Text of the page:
Legislator on the Committee of Agriculture yesterday ordered police to arrest two investors, whom they accuse of fraud tobacco produce in the country.
More than 10,000 tobacco farmers are demanding Shs23.6 billion from Continental Tobacco (U) Ltd, a private company run by Kenyan investors.
Nevertheless, corporate executives, who appeared before the committee to explain why they have not paid the farmers blamed the default on “difficult” economic situation and promised to pay when the situation gets better.
“We are concerned that farmers have not received their money in the billions but they come into this tobacco company,” Mr. Kasiriivu Atwoki, chairman of the committee, said.
“When we visited farmers in Kibaale district, we found them with plaques of books, serving as the proceeds from these investors. Farmers received loans, but these people keep their money.”
The company general manager, Mr Morris Micheni and Mr Michael Mwangi, who is responsible for finance and administration have been transferred from the police criminal investigation to take statements from them.
But Mr. Micheni denied his guilt and promised to pay the farmers, when the company receives cash.
“Around the world economic repression in 2008 and tobacco is no exception. Many cigarette manufacturers in the western world have been under the economic repression,” Mr. Micheni said. “We continue to hold large amounts of unsold from 2009. We are asking farmers to be patient, we will pay them.”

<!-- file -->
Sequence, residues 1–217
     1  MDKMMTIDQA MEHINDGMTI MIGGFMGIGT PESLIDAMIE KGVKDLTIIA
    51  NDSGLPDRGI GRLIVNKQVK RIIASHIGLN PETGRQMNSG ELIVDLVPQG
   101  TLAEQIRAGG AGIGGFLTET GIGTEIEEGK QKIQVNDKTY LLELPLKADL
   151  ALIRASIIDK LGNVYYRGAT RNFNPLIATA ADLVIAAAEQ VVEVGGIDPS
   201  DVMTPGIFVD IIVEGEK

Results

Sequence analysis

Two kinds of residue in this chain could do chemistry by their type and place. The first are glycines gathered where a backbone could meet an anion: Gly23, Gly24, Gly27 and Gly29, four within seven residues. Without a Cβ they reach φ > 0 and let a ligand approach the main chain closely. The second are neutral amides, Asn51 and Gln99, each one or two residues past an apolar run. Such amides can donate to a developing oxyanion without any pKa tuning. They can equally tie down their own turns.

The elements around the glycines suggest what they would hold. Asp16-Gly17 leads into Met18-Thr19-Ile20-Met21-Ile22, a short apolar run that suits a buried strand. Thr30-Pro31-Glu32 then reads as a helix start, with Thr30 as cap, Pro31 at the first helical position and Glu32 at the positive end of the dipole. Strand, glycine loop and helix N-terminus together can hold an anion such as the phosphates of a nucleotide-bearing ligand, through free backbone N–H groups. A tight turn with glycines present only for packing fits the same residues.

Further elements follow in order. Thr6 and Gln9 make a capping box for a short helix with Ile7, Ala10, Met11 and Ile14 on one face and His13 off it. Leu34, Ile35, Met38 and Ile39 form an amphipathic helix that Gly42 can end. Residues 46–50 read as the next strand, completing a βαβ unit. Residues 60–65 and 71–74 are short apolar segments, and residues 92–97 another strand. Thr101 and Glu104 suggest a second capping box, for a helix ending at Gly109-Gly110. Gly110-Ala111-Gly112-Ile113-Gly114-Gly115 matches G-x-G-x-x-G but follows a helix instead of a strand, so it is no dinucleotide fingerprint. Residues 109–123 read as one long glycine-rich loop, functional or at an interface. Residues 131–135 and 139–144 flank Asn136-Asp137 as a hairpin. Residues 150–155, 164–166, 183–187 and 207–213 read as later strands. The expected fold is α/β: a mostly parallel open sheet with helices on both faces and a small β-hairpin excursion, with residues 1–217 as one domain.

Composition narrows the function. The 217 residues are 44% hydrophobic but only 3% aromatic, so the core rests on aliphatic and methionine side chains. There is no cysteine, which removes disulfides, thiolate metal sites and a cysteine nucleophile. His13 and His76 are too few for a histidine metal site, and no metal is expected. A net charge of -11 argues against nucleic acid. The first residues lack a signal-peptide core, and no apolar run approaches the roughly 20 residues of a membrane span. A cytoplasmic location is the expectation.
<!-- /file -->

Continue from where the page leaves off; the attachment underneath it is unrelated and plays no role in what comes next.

The committee has demanded a list of all affected farmers from tobacco growing areas and how the investors intend to pay them.
Moment of truth
“These investors are claiming that they have not paid farmers for only the previous year yet there are farmers who have not been paid since 2009. We are asking them to come clean and give us all the details. We don’t want farmers to be cheated by these investors.”
But after the interaction with the investors, the committee gave them until the end of this month to seek Shs23.6 billion, or be arrested for nonpayment.
Earlier, in his responses Mr Micheni said: “Our hands are tied. Borrowing from banks is not an option right now due to high interest rates, we must be careful with the finances.”
Asked whether farmers will be paid interest on delayed payments, Mr Micheni said they will not get any interest because the company invests with farmers without immediate returns.